About one-third of the people working in the food-service industry are undocumented, with most holding the lowest-paying jobs, like bussing tables and dishwashing, according to a recent Pew Research Center study. In the agricultural industry, that number rises to more than half. As a result, restaurant kitchens, food-processing facilities, and commercial farms have been a frequent target for U.S. Immigration and Customs Enforcement (ICE) since it was formed in 2003. But after President Donald Trump took office in January 2017, raids and arrests surged, and not just in the food industry.
During the current administration’s first 100 days, ICE apprehended 41,318 immigrants, up 37.6 percent over the same period the year before, according to the agency. But arrests of immigrants with no criminal record represented the biggest statistical increase: that number more than doubled by the end of April 2017. And we have yet to see the results of more recent White House policies.
While these mandates aren’t the only factors contributing to the increasingly severe labor shortages reported at restaurants across the country, they certainly play a part, especially when coupled with ramped-up enforcement at the border. Between 2015 and 2017, the number of National Restaurant Association members reporting labor recruitment as their top challenge more than doubled.
“The tenor of working at Flats Fix became very different,” Ocasio-Cortez says. ICE never raided this particular restaurant, but the fear that they might permeated the kitchen. Immigrant workers, even many who were here legally, began quitting and returning to their countries of origin.
She recalls one long-term brunch chef, nicknamed “Grande,” who’d been at the diner next door (where she also worked) for 15 years. “He ran the line like clockwork,” she says. The Coffee Shop, as it was called, had once been an iconic New York City establishment, even a regular setting for Sex and the City. But after Grande returned to Mexico, the workers who were left couldn’t keep up with demand. “You can’t hire that back. That stuff takes years to perfect,” she continues. “Our kitchen got all messed up. We had to change our brunch menu because we couldn’t handle the same volume of orders anymore.”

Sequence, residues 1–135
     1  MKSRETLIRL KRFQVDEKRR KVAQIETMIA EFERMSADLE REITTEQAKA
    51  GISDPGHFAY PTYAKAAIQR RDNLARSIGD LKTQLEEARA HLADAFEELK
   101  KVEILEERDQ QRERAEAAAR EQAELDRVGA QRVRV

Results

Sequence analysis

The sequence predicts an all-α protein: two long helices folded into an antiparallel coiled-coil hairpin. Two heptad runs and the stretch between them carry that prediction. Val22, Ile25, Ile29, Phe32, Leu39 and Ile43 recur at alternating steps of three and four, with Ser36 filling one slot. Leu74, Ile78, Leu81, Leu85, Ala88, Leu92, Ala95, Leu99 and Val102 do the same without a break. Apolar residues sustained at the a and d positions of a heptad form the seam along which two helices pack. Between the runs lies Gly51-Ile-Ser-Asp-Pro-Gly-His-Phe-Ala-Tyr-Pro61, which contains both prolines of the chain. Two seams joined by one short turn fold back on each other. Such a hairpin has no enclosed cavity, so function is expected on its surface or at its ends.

Last month the Coffee Shop shut down.
Ocasio-Cortez’s platform is one built on her own life experiences. Her push for universal Medicare strikes a particular chord with the more than 85 percent of restaurant workers whose employers do not offer health insurance. Her proposed doubling of the federal minimum wage from $7.25 to $15 addresses the income imbalances brought on by the tipping industry and the 40 percent of restaurant workers living in near poverty. Even her calls to abolish ICE tie in to the frequency with which immigrant restaurant workers are targeted.
“It’s one thing to put your head in the sand,” she says, “but it’s another to actively disrespect and hate the people who feed you. Because honestly, that’s what a lot of this anti-immigrant rhetoric is about. You’re hating the people who feed you, which is a pretty messed-up thing.”
It’s this conviction, perhaps, that allowed her to win a seemingly unwinnable primary, even as a young, unknown, and underfunded candidate. Taking a seat in the House of Representatives never seemed out of the question.
“Even when things looked their worst—like in January when it was just me and my partner in our apartment and I was bartending full-time while challenging one of the most powerful members of Congress—never did I feel like I didn’t have a shot,” she tells me. Her communications manager is signaling we’ve run out of time. “Because I’m an organizer. I’m on the ground. I know my community. We acknowledge that all this shit is stacked up against us, but we don’t get to give up. We don’t have the luxury.”
She pushes her chair back, gets up to go, her taco only half eaten.